[00:20:14] Nancy: Do you find that employers are sometimes surprised by your stories?

[00:20:19] Cause I, I feel like I would actually assume even working at Carrot that cancer would be something where an insurance company would say, okay, yes, we'll cover fertility preservation in this specific case, but that's really not true a lot of the time. So do you find that the people you talk to, even if they are in HR and maybe chose the plan that they're, they're surprised to

[00:20:37] Amanda: hear that.

[00:20:38] I can confirm that a hundred percent because when I was diagnosed, the reason why we had fertility benefits and that my employer was aware of, even this option was because his wife had trouble conceiving. He felt it was his duty to add these benefits for his employees. You know, we worked as a family, it was a small firm [00:21:00] and he was irate when he found out that I didn't qualify after being diagnosed with cancer.

[00:21:08] Furious. And so I do bring that up to everybody that I speak with and they say, that's a great question to ask. I said, you gotta know all the fine print and make sure that's a great example of something you wanna bring up when you are speaking to your

[00:21:23] broker.

[00:21:24] Nancy: These plans are just so complicated and you just might think that when you're offering employees is enough, but then when it comes down to someone needing to use it, it actually isn't.

[00:21:33] Yeah, that's a great.

[00:21:35] Tracy: That's where the education piece comes in. Right? Like you don't know which questions to ask without knowing someone who's been through the experience or listening to baby steps, podcasts, you have to ask the questions to your broker, but you have to be educated of what you need to know and what you might not know.

[00:21:52] You

[00:21:53] Nancy: don't know what you don't know in, in all of these different situations. Absolutely. So I would love to hear how you two [00:22:00] are doing these days in your health and your lives.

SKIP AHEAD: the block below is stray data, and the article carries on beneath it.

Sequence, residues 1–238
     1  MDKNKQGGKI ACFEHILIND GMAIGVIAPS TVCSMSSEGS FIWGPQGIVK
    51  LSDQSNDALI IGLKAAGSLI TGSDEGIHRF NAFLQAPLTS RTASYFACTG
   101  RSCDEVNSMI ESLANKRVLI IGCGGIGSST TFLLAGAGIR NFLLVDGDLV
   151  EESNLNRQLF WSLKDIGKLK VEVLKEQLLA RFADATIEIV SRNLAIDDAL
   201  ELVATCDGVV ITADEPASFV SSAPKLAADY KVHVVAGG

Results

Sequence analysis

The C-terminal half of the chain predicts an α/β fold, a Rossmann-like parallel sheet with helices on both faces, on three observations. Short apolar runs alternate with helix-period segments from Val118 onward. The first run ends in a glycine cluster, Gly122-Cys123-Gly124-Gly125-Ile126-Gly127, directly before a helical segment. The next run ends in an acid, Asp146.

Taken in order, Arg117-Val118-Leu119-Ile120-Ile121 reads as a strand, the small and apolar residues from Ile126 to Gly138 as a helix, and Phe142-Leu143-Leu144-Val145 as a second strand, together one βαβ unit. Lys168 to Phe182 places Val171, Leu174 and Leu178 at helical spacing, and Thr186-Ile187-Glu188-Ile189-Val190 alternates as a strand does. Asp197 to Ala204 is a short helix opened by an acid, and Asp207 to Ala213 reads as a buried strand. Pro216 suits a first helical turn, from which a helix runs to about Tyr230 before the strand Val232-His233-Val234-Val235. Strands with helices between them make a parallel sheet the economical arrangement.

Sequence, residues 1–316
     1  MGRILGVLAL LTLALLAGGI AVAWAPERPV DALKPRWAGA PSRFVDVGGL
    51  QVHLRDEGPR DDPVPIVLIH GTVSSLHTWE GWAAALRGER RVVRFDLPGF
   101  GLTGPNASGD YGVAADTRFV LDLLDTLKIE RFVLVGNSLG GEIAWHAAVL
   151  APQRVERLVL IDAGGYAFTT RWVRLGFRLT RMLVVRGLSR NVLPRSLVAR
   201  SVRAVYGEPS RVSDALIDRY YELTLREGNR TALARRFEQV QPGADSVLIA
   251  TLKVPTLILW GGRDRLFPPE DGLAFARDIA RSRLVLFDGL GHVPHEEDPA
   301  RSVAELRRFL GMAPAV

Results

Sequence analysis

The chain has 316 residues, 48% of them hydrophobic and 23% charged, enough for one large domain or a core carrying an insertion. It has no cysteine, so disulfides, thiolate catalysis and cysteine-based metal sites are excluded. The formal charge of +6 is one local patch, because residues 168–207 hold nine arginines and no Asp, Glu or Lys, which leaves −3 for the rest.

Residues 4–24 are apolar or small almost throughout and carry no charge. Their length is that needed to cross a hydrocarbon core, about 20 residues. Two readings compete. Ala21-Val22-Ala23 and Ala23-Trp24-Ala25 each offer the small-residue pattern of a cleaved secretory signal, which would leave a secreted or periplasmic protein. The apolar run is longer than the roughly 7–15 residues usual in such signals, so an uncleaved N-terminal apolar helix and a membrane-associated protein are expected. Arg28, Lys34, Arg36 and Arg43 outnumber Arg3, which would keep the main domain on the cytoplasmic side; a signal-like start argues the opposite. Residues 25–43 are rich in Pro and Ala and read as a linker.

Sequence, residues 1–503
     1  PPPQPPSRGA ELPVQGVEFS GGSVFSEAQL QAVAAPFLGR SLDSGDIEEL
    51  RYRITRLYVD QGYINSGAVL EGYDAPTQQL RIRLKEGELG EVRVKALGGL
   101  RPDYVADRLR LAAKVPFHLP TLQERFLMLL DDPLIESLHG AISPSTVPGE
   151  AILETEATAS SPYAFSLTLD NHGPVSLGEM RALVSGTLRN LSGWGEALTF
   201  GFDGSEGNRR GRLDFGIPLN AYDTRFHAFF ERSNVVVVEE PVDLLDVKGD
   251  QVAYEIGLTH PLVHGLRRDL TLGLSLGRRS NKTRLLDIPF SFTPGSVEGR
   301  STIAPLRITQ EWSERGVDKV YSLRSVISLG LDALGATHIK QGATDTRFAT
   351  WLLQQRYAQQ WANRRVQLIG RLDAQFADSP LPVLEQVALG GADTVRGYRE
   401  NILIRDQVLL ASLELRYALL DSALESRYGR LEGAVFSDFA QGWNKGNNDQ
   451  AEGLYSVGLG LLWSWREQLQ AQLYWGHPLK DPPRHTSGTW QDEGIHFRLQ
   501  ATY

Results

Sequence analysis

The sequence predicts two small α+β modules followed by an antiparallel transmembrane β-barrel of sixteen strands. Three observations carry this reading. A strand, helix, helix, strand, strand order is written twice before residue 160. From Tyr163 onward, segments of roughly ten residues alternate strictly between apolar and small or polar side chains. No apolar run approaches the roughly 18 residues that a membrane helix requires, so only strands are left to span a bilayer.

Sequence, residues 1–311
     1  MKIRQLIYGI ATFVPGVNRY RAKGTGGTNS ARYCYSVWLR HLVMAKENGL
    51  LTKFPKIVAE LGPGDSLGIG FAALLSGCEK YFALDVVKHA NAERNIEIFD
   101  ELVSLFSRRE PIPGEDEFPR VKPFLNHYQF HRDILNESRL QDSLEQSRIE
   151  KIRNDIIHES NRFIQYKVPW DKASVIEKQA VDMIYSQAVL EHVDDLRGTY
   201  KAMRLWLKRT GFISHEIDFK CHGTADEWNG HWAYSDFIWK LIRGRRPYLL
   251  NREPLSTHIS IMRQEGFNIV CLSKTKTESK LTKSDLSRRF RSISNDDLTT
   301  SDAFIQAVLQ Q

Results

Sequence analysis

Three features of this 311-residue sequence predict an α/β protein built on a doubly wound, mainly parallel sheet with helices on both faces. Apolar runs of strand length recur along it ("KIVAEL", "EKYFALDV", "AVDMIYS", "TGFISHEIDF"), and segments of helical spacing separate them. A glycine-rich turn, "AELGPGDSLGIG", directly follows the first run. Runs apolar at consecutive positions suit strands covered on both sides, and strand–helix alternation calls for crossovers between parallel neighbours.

[00:22:03] Tracy: I think that my background before I became the executive director of the Chick Mission was mostly in media, television, talent management, journalism, et cetera.

[00:22:14] And for me personally, the ability to take my story. My journey, my unfortunate expertise, as I like to think of it and turn it into something productive has been the best experience of my life. We recently met Amanda and I about 20 women in New York city who were Chick Mission grant recipients, or as we call them the Chick mission chicks and being able to have conversations, look at each other in the eye and understand that there's a shorthand because we have a shared experience.

[00:22:49] That's really changed everything for me, as well as my attitude about even being diagnosed with cancer in the first place I have put to bed, the idea that I will be a biological parent, that [00:23:00] ship has sailed for me, but in the end, the work and time and energy that I put into the Chick Mission into growing our organization, reaching more and more women, we approved patient grants, number 263 and 264 today.

[00:23:17] And that is everything.

[00:23:18] Amanda: And I would say if you had asked me back in 2014, what my life would look like right now in 2022, it would be vastly different than the current state of affairs for me, I am living in Austin, Texas, which was a COVID relocation after quitting my job and starting my own business. The chick mission has grown as Tracy mentioned from our first grant on Valentine's day of 2018 to 264 today.

[00:23:52] And I couldn't have dreamed of all of the impact. That we could have [00:24:00] made over the short period of time and how many people are involved in our mission from our incredible board to our volunteer core, to all of our donors. This is my passion project. I am not a biological mother, but I like to think of myself as a Chick Mission mother, we have four babies because of the work that we do.